Gruevski: The work of attracting foreign investments in Macedonia is getting easier as the time goes by, owing to the experience of the team whose work is focused on investments compared to where we were five or six years ago, and also owing to the increased reputation of Macedonia among foreign investors. Every year more and more companies learn about us, some through the direct road-show events we prepare, others through the ad campaigns on CNN and other international media, but also through word of mouth. When one company comes here, or visits some of our road shows, the word spreads. That is probably the most valuable part of our promotion. I remember the new foreign direct investments that I announced during the last election campaign and now they have begun to arrive, and a dozen new companies are signing the agreements to invest. The latest is Energya from the Ukraine. With some of these companies, we already have an agreement on the timing, in September, October, so things are moving in the right direction.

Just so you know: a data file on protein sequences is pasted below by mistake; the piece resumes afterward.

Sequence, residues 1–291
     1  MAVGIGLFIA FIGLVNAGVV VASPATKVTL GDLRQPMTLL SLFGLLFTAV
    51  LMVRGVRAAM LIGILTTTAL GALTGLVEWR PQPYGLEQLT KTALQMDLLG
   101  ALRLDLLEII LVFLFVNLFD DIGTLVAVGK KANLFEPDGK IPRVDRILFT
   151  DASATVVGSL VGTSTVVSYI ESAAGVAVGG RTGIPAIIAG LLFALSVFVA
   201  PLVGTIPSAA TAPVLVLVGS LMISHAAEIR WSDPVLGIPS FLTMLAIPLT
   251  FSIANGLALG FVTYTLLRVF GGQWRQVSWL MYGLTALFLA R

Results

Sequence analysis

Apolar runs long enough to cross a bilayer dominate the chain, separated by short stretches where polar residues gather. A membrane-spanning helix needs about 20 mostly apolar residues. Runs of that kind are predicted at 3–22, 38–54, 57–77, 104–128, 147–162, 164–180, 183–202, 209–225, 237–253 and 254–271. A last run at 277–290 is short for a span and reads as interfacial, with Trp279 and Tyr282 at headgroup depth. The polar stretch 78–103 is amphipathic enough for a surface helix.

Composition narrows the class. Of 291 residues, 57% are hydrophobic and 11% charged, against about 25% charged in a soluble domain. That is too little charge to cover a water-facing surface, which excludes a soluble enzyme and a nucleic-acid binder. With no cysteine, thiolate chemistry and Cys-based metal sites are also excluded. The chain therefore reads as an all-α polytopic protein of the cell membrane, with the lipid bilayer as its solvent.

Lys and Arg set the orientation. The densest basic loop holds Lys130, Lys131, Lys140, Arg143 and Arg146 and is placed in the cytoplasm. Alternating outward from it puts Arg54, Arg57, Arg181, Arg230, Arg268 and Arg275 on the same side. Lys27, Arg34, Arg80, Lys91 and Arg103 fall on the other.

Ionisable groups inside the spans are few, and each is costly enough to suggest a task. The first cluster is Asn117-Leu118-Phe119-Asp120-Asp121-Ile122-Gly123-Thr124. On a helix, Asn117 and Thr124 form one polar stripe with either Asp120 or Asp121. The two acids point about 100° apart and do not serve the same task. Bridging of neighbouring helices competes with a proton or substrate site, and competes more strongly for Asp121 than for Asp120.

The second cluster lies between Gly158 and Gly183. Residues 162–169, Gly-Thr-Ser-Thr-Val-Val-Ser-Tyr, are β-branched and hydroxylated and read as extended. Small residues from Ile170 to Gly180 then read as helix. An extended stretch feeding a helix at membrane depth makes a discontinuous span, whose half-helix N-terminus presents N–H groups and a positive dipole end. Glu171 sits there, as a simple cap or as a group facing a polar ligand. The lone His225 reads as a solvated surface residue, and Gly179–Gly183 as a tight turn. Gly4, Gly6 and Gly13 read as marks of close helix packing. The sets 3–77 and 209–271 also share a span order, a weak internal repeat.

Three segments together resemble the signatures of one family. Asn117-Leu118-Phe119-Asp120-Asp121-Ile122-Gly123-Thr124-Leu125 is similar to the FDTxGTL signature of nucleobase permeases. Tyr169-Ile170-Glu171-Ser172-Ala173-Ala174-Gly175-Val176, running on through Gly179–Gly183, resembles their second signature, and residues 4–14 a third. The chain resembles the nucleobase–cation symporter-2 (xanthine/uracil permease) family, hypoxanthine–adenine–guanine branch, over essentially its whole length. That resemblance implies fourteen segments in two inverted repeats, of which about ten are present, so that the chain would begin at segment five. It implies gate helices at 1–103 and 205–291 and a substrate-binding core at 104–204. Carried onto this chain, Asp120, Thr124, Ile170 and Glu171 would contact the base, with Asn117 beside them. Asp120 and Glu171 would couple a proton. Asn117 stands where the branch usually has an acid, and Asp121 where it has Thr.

All that together with undertakings in agriculture, subsidies, is improving the living conditions, and thus creating conditions for improving the demographic picture.